Seizure Risk Rises With MMRV Vaccine
Febrile Seizures Nearly Double With Measles-Mumps-Rubella-Chickenpox Vaccine, but Risk Still Slight, Study Says
Vaccines and Seizures Data
In the newly published report, Klein and her team looked at reports of seizures and fevers among more than 376,000 infants given the vaccines in two injections and more than 83,000 given the four-in-one.
Seizures and fever clustered around 7 to 10 days after all measles vaccines, but the risk during that time was higher for the four-in-one than for the two injections.
"There is a doubling of risk with MMRV, but it's [still] slight," she tells WebMD. "There is a low risk overall."
About Febrile Seizures
About one in 25 infants has one or more febrile seizures, defined as convulsions brought on by high fever, says Randy Bergen, MD, a pediatric infectious disease specialist at Kaiser Permanente in Walnut Creek, Calif.
"They are very scary to observe," he says. Most last only 30 seconds to 2 minutes or so, he says. The child may stiffen and roll his eyes. "From a medical point of view, febrile seizures are not in any way considered dangerous," Bergen says. Children who have the seizures don't have a greater chance of getting epilepsy or brain damage.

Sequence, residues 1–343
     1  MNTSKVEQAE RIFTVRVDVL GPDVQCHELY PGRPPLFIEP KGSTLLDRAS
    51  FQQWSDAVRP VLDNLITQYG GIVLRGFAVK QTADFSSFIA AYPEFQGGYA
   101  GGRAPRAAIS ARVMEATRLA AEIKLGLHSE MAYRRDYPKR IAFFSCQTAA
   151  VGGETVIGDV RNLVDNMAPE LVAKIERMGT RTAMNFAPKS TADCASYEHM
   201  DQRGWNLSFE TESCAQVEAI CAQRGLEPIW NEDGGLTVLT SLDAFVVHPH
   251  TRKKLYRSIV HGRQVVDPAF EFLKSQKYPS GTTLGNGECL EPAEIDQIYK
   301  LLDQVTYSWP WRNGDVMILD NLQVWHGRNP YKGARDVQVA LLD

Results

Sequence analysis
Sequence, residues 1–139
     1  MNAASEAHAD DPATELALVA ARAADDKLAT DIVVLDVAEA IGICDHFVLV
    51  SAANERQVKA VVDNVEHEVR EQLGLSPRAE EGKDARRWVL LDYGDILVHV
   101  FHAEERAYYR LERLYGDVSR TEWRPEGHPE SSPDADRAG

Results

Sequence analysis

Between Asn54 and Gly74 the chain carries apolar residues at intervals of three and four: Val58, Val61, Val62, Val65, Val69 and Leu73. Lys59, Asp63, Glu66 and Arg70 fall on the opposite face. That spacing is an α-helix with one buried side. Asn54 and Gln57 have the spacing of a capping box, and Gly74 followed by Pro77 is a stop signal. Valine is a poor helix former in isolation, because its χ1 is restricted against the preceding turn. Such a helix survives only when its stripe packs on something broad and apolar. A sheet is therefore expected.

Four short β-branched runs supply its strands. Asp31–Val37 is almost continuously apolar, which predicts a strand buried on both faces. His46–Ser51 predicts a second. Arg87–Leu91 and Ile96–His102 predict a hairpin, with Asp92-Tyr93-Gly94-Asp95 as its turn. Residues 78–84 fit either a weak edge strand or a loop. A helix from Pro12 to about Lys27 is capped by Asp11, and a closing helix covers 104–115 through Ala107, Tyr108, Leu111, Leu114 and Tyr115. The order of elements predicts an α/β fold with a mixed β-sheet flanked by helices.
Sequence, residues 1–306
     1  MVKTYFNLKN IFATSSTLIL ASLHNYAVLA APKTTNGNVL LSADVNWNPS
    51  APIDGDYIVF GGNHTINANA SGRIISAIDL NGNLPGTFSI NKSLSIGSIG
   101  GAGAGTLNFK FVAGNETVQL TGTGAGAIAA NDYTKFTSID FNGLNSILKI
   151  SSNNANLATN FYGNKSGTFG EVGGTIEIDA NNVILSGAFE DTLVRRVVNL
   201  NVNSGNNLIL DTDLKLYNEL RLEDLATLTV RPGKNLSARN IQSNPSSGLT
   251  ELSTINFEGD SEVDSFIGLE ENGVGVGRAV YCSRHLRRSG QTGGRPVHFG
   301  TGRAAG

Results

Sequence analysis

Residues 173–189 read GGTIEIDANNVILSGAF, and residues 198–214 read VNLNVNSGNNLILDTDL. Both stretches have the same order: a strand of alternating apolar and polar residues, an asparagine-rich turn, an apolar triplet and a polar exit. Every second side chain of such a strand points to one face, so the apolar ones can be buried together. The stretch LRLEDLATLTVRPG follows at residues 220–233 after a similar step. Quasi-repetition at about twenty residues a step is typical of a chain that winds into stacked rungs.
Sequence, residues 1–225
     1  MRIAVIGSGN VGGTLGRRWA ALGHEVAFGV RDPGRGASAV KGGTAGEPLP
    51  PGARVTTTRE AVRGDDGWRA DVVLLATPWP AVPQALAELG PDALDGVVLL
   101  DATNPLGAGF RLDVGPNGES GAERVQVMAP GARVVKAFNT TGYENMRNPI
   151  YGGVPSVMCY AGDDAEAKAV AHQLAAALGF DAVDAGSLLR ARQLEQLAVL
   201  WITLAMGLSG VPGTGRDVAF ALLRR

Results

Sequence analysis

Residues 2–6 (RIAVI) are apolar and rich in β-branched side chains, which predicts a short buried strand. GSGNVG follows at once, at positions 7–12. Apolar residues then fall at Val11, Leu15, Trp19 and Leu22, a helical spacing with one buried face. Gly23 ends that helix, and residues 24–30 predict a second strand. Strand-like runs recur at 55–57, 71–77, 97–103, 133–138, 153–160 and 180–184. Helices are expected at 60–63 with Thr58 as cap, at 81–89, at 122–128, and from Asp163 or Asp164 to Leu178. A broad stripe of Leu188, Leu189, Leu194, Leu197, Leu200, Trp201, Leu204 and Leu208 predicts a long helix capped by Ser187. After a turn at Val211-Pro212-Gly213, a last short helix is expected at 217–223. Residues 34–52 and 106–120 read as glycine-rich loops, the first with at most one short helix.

Comparing Vaccines: Second Opinion
''This is a confirmatory study, this is not new information," says John Bradley, MD, a member of the American Academy of Pediatrics' Committee on Infectious Diseases and director of the Division of Infectious Diseases, Rady Children's Hospital of San Diego, who reviewed the study for WebMD.
"For probably two years we have been aware that if you give MMRV you get a higher fever and more febrile seizures than if you give them separately," he says.
Still, the information is important for parents to know, he says, even though the increased risk with the 4-in-1 is slight compared to giving MMR and varicella separately.
Bradley says the information only applies to the first dose of vaccine, not the second, given around kindergarten age. "This phenomenon of febrile seizures only occurs in the infants," he says, because of brain immaturity. Peak age is 14 to 18 months, according to the CDC, and that overlaps with when the first doses of measles and chickenpox vaccines are recommended.
The stance of the AAP committee, Bradley says, is that both vaccines are acceptable but that parents need the information about seizure risks to make an informed decision, weighing the lower seizure risk with the need for another injection for the first dose. (The combination is generally preferred for the second dose, according to the ACIP guidelines.)